Review: Call Me By Your Name

What a wonderfully subtle and understated romance between two individuals at very different points in their lives. Set in 1983, Elio (Timothée Chalamet) is a teenager, aloof and arty, living in picturesque northern Italy with his academic parents. They invite Oliver (Armie Hammer), a handsome graduate student with a hint of self-conceitedness, to live with the family for a summer. The pair at first seem distant from each other, slowly discovering a passionate lust. Elio is seventeen but looks even more boyish, whilst Oliver is very much a man. The sun and swimming pools prompt both characters to spend much of the film wearing very little, providing physical contrasts in masculinity which become as engaging as anything being said, or not said. Director Luca Guadagnino (A Bigger Splash) certainly has an eye for a complex romance played out before idyllic Italian waters, again mixing tenderness with moral ambiguity to make his audience constantly engage with his characters’ choices. The pace is slow, making the payoff rich thanks to a pair of nuanced performances.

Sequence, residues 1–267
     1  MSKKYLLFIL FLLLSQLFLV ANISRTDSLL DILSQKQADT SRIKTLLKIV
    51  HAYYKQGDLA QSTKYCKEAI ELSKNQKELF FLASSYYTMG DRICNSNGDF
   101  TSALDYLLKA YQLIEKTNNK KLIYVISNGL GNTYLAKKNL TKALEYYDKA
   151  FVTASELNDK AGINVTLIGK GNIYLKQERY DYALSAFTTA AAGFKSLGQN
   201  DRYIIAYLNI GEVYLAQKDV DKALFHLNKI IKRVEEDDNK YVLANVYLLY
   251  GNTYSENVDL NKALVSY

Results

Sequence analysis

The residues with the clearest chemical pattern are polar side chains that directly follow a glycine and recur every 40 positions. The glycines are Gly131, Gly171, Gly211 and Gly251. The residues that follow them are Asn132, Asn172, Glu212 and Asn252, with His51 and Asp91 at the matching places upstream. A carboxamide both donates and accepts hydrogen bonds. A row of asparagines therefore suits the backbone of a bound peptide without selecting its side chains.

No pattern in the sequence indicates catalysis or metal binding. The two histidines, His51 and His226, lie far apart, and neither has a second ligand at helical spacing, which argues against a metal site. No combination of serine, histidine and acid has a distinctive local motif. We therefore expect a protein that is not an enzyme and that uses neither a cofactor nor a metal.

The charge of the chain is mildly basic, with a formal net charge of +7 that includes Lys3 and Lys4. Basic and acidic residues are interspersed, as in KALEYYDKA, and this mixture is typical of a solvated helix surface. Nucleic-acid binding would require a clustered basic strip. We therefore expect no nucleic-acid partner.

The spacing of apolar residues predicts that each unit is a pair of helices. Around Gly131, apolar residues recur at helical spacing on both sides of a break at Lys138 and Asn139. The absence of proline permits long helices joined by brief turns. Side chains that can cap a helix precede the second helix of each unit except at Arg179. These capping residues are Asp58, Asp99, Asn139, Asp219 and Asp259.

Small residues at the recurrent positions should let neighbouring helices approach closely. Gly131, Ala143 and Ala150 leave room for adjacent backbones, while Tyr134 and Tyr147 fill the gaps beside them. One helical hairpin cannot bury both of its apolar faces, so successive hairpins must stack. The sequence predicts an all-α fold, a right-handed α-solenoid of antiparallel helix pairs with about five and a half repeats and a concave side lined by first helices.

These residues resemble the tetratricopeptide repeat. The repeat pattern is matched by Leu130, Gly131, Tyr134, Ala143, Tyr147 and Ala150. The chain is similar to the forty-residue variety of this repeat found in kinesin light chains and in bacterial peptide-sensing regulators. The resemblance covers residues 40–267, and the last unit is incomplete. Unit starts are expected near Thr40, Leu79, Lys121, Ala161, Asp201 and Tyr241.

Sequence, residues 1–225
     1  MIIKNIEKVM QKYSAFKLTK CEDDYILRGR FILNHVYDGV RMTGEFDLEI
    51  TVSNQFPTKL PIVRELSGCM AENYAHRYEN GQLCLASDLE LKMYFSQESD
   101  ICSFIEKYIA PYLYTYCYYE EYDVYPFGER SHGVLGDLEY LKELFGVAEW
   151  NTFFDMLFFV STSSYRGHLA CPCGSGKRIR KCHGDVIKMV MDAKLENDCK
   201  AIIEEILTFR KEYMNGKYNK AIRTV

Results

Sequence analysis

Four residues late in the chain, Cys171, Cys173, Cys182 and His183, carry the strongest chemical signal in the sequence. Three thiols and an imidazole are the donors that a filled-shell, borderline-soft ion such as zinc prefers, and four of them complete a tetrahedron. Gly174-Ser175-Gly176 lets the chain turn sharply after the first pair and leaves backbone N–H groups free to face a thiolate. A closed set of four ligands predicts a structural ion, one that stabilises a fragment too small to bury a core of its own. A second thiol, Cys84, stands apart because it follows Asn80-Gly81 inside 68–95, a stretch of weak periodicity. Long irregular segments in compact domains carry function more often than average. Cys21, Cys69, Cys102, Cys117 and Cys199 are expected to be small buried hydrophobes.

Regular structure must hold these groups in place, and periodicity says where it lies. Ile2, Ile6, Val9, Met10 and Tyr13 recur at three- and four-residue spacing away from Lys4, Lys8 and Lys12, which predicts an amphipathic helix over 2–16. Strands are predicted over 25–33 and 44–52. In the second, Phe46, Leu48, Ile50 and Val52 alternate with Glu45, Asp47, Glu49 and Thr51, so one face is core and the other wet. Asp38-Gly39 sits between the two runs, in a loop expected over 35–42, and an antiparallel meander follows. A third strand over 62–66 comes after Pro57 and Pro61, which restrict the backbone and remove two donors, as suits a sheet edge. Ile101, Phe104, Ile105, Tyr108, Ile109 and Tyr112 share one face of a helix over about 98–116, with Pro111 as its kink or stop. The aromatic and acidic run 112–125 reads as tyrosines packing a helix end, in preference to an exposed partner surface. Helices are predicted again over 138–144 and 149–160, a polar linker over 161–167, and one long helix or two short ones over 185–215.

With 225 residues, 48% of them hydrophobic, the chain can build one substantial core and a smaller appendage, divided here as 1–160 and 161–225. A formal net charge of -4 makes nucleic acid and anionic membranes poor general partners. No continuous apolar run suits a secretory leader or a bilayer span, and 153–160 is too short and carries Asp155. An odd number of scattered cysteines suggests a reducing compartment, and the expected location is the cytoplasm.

Chalamet provides a breakout performance in this coming-of-age role. His character is filled with a sense of lust and exploration, whilst also remaining somewhat emotionally distant and unsure of himself, which provides him with a beautiful vulnerability. The romance between Elio and Oliver is constantly engaging and surprising, filled with raw lust. The depth of Chalamet’s performance builds slowly, with the character growing as his experiences unravel gradually, culminating in two wonderful moments of catharsis at the film’s climax. Just when you think the film might be ready to end coldly, it provides a gorgeously written and performed speech from Elio’s father (Michael Stuhlbarg), which is then followed with a memorable and devastating final shot merging with the credits. Both of these moments make an excellent coming-of-age film even more meaningful and thought provoking.

Rating: 4/5

Review by David Rank

Call Me By Your Name is out on 27th October in the UK and on 24th November in the US. Certificate 15 (UK). Running time: 130 mins.

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